From the color paint on the door to the cozy furniture inside, the Winnetka Youth Organization (WYO) drop-in center has welcomed teens since it was established in 1969. After running for more than 50 years, March 2020 and the pandemic forced the organization to shut down and then to reimagine its offerings and how to offer teens an outlet as the world waits to be vaccinated.
WYO typically hosts volunteering social service events as well as teen drop-in hours. It has hosted events such as Kids Against Hunger, holiday parties, concerts, game and movie nights, tutoring hours, and many more.
As all the in-person events had to switch to virtual Zooms, Krysten Warnes, the executive director of WYO, said that the organization has struggled to make the events engaging for teens.
“I really think it’s difficult for teens to have to go to online classes and the last thing they want to do is to Zoom. Our programs give teens the opportunities to get out of the house, socialize, and build up social skills. During the pandemic, it’s hard to do that,” she said.
James Pappadis, a 2002 graduate of New Trier and the program director, agrees that virtual events are frustrating for them because in-person interactions are important and all events relied heavily on WYO’s facilities.
“Part of the struggle with Covid is that the WYO is the teens’ place. Every event was at the WYO drop-in center. Teens used to come in at any time they wanted. Now we have to have more structure with programs. They have to be at a certain time every day,” he said.
Warnes expressed that the WYO’s purpose is to give the teens a space where they can socialize and “feel comfortable in their own skin”.
“I believe the mission of the organization is to give teens the opportunities to branch out, be creative, and be themselves,” Warnes said. “When I was in school, there were cliques and there was judging. WYO represents the space where teens can get away from all of that.”.
Pappadis said WYO is made for teens who need a “place to escape to where they can grow as people.” As a teen living in the district, he realized that he would have benefited from a place like WYO.
“We know that there’s a lot going on all the time with school and extracurricular activities,” Pappadis said. “WYO is a space where teens can escape from the million things going on each day and just be themselves.”
Warnes shared that part of the struggle with virtual meetings is that it is harder for her to connect with the teens.
“I’m really big on in-person face to face interactions. I love being able to connect with teens in person. I think it’s huge that we can connect with people rather than seeing them on a screen. In-person interactions are a huge help emotionally,” she said.
Pappadis also said that there is a stronger bond of connection between him and the teens when WYO was not closed.
‘Teens could visit WYO anytime. Now with virtual meetings, the connection is still there but it’s harder for us all to connect. The teens are doing a lot of zoom already, and they sometimes don’t want to come to the programs because of that,” he said.
Junior Wells Meyer shared that she chose to join WYO because she wanted to become “a more active part of the community” and she was interested in the volunteer activities and being able to have her voice heard.
“WYO has given me so many opportunities that I never would’ve even known about if I hadn’t been a part of the organization, it’s also helped me learn new skills and make new friends,” she said.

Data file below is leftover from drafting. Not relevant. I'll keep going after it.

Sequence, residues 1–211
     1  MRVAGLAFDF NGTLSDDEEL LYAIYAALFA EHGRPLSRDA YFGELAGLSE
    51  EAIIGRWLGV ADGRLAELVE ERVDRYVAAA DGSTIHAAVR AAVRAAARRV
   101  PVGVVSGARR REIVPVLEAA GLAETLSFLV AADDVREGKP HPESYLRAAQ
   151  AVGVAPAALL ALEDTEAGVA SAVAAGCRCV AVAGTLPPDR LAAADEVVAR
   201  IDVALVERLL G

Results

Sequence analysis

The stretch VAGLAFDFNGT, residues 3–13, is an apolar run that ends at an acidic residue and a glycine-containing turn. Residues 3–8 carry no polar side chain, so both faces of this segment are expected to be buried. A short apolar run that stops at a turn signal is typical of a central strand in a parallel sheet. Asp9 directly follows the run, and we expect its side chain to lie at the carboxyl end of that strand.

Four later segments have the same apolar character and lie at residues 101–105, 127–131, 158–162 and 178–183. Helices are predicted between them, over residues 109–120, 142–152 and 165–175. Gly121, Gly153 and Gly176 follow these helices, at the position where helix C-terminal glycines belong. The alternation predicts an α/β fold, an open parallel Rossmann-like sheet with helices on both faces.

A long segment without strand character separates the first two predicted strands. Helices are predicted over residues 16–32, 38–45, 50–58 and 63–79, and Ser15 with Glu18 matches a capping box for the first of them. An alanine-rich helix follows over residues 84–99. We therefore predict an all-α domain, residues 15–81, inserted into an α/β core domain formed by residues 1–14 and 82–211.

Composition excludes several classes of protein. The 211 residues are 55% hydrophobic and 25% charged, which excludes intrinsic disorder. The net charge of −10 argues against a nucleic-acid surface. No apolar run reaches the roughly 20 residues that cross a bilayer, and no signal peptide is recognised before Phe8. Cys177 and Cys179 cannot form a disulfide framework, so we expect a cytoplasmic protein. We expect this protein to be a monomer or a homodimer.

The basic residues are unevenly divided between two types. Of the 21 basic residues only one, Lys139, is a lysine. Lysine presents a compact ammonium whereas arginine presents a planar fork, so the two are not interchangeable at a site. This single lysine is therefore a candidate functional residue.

WYO created Youth Board, a teen leadership group that helps brainstorm ideas for programs and plan events. Senior Vivian Adelman is the president and said that she thinks it’s valuable that the organization provides opportunities for teens who want to become leaders.
“ I have had the opportunity to be more involved in the community and learn a lot from everyone on the youth board,” she said.
The events that WYO hosts are not only fun for teens who attend them, but for the directors as well. Warnes siad that right before they had to close in March, WYO hosted an outdoor social distancing event. She enjoyed it as much as the teens did.
“It felt great to be outside in the fresh air! It felt like any normal day outside, except for the fact we all had sanitizer in our pockets and everyone was wearing a mask. The event was scheduled from 1-2, but everyone was having so much fun, that it went from 1-3:30,” she said.
WYO has a variety of events planned for teens, many of which give them opportunities to share their thoughts.
The Youth Board helped come up with ideas for the variety of events at WYO. One of these events was MLK Day,which Adelman helped organize.
“Usually, we help out at the MLK Day of Service in the community house. Last year, we organized a few stations for kids to do art projects that helped the community. A lot of kids came and it was really hectic but also a good experience,” she said.
Looking to the future, both the program and the executive directors are hoping to resume in-person activities when the pandemic eases up.
“Everyone needs social interaction no matter their age. It just helps,” Warnes said. “Seeing how they were able to open up more and connect made me feel like I was impacting teens in a positive way. It’s harder to connect on that level virtually.”
Because it is harder for WYO to have more teens come to their events and to recruit new members for the Youth Board, Pappadis hopes that they can soon be in-person.
“We always want more teens. Because the more teens we have, the better our programs can be. Moving forward, I hope that we can open up once things get better. Then we can get back to our strategy of expanding the WYO,” he said.